Harper says he has detected similar levels of support. "Obviously, one or two are just trying to get you out of their homes. But from my police background, I tend to feel good about people. And overall, I think we are the dominant party in this riding. "
Brexit candidate Kevin Harper is a former Derbyshire police officer. "I voted for Dennis Skinner," he revealed, "but Brexit is Bolsover's number one priority." As in 2016, 70% of local voters supported Laisser '
An assertion that is not entirely supported by the customers of Mason's Little Cafe, who listened to his election speech with polite skepticism. "If you're not a miner's son, you're not going here," whispered Chris, a retired hospital employee. Before adding, "But there are fewer people voting Labor this time than saying they will vote Labor."
All this will be music in the ears of Conservative candidate Mark Fletcher. Born in Barnsley and raised in Doncaster, the grandfather of the former head of health care worked in the local pit, as did his mother, an industrial chemist employed by the Coal Board.
"I like the seats of extraction," he says, "they are good and kind here." Fletcher is respectful – even with deference – of his Labor Party opponent. "I admire his record, and if elected, I can only hope to have a fraction of its impact."
But he is not opposed to what he sees as Skinner's Achilles heel. "He is positioning himself as a eurosceptic, but he has not voted to leave the EU in recent votes, he has not voted for the Boris agreement and to delay the Brexit. acceptable. "
Engagement in 'electoral tourism' presents dangers such as Bolsover. Dennis Skinner's last mine was shut down half a century ago, making accounts of the destructive heritage of Thatcherism increasingly obsolete.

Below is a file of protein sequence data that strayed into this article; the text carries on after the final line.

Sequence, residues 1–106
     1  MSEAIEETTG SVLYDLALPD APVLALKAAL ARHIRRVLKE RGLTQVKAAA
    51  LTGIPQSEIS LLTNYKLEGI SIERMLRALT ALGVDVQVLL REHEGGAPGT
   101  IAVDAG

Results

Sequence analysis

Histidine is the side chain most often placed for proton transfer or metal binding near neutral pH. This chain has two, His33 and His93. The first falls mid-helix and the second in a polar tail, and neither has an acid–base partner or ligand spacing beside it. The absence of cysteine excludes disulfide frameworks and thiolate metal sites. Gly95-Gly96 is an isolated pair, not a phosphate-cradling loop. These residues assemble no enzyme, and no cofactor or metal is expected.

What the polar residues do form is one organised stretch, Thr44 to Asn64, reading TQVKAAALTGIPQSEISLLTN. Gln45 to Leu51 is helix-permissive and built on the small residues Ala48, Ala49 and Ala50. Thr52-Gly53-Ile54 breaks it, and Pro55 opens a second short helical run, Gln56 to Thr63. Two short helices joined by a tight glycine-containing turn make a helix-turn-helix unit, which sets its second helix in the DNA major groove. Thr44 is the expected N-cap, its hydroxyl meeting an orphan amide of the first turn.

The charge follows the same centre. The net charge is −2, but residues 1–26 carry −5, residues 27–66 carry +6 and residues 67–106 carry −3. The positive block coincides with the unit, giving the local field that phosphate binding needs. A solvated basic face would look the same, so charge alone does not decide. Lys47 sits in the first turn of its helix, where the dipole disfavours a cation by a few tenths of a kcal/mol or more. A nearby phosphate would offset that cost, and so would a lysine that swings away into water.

The supermarket giant Morrisons is investing heavily in the region. A new police station is being opened. The historic Bolsover Castle – described as the Mar-a-Lago of its day – will be the center of the city council's new tourism campaign.
But spend a few days and some clear themes appear. Themes that will have a major influence on the decision made by the nation on December 12th. One is the toxicity of Jeremy Corbyn. The criticism of him seemed to be the result of what was said in the Conservative campaign. His anti-Semitism. His support for terrorists. The lack of respect he has for the queen.
Another is that even if Boris is loved, he is still not trusted. And he has not yet reached an agreement with the former Labor voters he needs to win the majority.
But the most important thing is how this campaign was designed. No. 10 wanted it to be the people against Parliament. And they have their wish.
Sadie, a waitress, summed up something I've heard over and over again. 'I work. I own my own apartment. But soon I will have to go to a house. And to pay, I will have to sell the apartment. But those who have not done a day job will receive it. That's all wrong. Which of the politicians did she blame for that? "All," she replied.
The election of Brexit is becoming the "scourge of the election of your houses". Normally, members like Dennis Skinner would benefit from the permanence effect. But being an established political figure is now a chasm. And unless an agreement is reached between Nigel Farage and Boris Johnson, the Brexit party is on the verge of causing trouble. As are Liberal Democrats and Greens and independents such as Ross Walker. Basically, whoever is not part of the political duopoly more and more despised after the war.
Just before leaving Steve Fritchley's office, he repeated the request he made throughout our conversation. "I'm just saying to people," Do not throw the baby out with the bathwater. "
Unfortunately, for Dennis Skinner and his colleagues, this is exactly what people are about to do.